The House legislation saw overwhelming public opposition, as more than 2,800 people registered against the bill while just under 100 people expressed support. The bill’s opponents criticized Rep. Stephanie Klick, a Fort Worth Republican who chairs the committee, for cutting off testimony before hundreds of people could testify against it in person. Though several trans youths and their parents were able to make their case to the lawmakers.
Sunny Bryant, a nine-year-old trans girl from Houston who testified late in the night, said she had to miss school to wait for her chance to speak.
“If you pass this bill and we stay in Texas, I’d grow up looking like my dad and that’s a scary thought,” she said to laughter in the room. “I want to grow up looking like me — nobody else, just Sunny.”
Some parents also spoke through tears about how this legislation, if enacted, would push them out of a state that they have deep ties to so that their kids could continue accessing hormone therapy and puberty blockers.
“I’d have no choice but to leave this state,” said Lisa Stanton, mother to Maya Stanton, a 12-year-old trans girl from Houston.
She has a job that could allow her to relocate, but her husband’s work is in Texas.
“We have literally been having conversations about whether we will have to separate and move somewhere else and have him just visit us on the weekends,” Lisa Stanton said. “This is ruining our lives.”
And for some older trans youth, the legislation is already making them rethink where they want to build their future. On the same day as the House committee hearing, Topher Malone, a trans high school senior from Round Rock, received Rice University’s notice about whether or not the Houston college had accepted her. But she didn’t bother checking to see if she was admitted.
“I don’t want to stay here for college anymore, because of what this state government is doing to trans people like me and I can’t stand it anymore,” Malone testified.
Sen. John Whitmire, D-Houston, arguing against SB 14, said he’s built relationships with families of trans youth and urged the Senate to leave decisions about gender-affirming care up to parents. He noted he’s been a lawmaker for 50 years, but this issue was only recently debated at the Capitol.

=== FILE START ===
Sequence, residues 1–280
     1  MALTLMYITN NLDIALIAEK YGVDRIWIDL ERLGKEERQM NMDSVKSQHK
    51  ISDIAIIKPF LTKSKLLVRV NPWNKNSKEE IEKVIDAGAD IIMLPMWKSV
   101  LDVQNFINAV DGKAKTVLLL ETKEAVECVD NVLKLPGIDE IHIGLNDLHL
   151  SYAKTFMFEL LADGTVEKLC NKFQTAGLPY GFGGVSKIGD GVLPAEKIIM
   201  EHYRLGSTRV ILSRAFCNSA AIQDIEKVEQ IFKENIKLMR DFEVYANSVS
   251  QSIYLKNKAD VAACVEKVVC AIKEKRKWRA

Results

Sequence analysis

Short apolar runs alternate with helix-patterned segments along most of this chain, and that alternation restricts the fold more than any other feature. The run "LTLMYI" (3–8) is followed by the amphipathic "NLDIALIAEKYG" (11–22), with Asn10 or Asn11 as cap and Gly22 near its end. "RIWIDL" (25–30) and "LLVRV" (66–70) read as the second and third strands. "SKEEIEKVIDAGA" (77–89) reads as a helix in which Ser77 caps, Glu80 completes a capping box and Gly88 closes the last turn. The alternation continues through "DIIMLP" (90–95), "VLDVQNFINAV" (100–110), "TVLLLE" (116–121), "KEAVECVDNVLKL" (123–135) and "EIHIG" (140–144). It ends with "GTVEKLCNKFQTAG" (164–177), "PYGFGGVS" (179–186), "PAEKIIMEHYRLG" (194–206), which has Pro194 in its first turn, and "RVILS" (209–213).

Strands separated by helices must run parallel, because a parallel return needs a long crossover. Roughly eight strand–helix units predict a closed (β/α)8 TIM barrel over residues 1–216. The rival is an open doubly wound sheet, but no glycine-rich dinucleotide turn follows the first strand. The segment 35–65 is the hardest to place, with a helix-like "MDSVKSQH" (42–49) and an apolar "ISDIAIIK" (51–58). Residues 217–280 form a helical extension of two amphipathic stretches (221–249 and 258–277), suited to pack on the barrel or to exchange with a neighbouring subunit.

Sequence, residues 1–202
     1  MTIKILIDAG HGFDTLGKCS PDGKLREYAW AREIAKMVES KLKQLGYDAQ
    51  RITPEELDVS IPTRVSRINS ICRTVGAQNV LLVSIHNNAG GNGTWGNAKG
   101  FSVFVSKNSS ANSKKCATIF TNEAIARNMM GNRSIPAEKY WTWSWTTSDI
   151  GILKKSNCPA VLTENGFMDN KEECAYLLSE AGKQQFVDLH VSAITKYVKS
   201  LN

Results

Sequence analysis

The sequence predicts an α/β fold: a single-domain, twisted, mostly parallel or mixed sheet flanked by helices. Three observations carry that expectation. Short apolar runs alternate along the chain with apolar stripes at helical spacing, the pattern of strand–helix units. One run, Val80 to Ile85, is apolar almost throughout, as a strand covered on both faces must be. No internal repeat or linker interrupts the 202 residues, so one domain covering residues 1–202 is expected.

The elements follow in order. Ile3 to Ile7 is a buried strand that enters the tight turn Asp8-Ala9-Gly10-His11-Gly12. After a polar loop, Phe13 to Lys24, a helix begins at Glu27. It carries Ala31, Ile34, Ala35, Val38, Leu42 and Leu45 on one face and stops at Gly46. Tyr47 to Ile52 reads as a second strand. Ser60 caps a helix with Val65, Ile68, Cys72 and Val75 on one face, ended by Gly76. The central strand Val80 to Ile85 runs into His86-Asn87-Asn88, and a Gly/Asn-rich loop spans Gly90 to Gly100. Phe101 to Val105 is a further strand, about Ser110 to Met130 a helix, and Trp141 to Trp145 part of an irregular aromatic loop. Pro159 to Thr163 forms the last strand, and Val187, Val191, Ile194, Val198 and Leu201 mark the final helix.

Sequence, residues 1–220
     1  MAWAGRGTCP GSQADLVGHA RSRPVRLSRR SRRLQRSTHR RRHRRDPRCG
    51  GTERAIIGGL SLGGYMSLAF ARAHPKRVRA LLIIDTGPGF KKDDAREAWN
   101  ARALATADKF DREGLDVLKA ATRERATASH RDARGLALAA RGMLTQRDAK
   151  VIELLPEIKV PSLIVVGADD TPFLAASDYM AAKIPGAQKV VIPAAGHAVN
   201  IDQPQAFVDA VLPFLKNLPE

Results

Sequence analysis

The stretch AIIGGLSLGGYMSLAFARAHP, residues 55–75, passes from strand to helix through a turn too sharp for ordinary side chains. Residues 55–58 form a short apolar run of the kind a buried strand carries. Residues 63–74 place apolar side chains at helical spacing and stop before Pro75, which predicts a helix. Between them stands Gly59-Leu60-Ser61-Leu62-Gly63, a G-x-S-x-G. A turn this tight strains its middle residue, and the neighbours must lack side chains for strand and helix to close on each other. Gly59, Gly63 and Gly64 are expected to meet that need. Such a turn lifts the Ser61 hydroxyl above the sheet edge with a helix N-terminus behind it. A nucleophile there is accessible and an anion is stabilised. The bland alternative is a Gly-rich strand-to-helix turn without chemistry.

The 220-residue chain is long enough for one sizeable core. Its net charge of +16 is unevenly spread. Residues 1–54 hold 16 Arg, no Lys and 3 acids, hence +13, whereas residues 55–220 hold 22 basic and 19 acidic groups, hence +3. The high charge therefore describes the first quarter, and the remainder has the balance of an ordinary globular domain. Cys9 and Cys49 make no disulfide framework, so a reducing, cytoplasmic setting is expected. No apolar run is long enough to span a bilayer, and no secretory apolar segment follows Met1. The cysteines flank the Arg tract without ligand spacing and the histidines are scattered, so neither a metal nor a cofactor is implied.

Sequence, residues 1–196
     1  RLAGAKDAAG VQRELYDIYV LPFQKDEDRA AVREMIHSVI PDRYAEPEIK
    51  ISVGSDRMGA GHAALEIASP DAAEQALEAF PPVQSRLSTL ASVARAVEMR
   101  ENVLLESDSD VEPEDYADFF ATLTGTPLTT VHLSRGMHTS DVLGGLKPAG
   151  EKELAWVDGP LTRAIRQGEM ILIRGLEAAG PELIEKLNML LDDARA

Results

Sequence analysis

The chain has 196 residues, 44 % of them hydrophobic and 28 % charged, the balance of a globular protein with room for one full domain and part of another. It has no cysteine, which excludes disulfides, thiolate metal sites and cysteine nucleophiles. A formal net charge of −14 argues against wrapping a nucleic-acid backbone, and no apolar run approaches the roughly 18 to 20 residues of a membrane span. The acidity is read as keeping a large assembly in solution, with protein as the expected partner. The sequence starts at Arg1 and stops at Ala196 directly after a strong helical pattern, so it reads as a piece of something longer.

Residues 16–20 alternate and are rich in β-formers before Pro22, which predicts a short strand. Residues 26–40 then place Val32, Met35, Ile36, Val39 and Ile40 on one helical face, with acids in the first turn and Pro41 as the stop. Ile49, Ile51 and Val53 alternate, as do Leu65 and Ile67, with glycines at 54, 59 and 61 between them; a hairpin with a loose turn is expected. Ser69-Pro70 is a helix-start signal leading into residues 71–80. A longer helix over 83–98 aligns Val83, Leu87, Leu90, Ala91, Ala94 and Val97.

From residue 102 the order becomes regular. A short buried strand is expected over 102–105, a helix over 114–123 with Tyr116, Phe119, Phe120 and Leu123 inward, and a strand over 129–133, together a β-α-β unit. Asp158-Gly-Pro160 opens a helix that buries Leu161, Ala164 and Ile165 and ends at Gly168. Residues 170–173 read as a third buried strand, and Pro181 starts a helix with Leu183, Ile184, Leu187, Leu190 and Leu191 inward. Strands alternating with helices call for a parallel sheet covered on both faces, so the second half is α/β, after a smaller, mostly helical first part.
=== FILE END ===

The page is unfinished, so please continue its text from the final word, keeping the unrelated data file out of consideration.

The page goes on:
“I would pray that it’s not just politics but it’s genuine concern for the health and welfare of the transgender children,” Whitmire said. “Let’s remember that the transgender children are God’s creations and we love them.”
The bills restricting transition-related health care are among a slew of legislation Republican lawmakers are pushing that could upend several facets of LGBTQ Texans’ lives. During this month’s hearing on SB 14, GOP activist Steven Hotze went on an anti-trans tirade, calling doctors who provide this type of health care “pedophiles.” Menéndez asked Hotze not to lob baseless and incendiary attacks. Menéndez said trans people are “living their true selves.”
A new research brief by the Trevor Project, a national LGBTQ youth suicide-prevention organization, found that trans kids who come out before age 13 experience higher rates of discrimination, physical harm and suicide attempts than those who come out after that age.
“Right now, transgender and nonbinary young people in the U.S. are dealing with an impossible duality: visibility and understanding of trans people are at an all-time high, and yet, at the same time, they are witnessing a historic wave of anti-trans political attacks all across the country,” Dr. Jonah DeChants, senior research scientist at The Trevor Project said in a statement to the Tribune.
The study found that those whose gender identity is met with a high amount of family support have significantly better mental health outcomes.
“Taking even small steps to support the trans young people in our lives can be, quite literally, life-saving.”
Disclosure: Equality Texas and Rice University have been financial supporters of The Texas Tribune, a nonprofit, nonpartisan news organization that is funded in part by donations from members, foundations and corporate sponsors. Financial supporters play no role in the Tribune's journalism. Find a complete list of them here.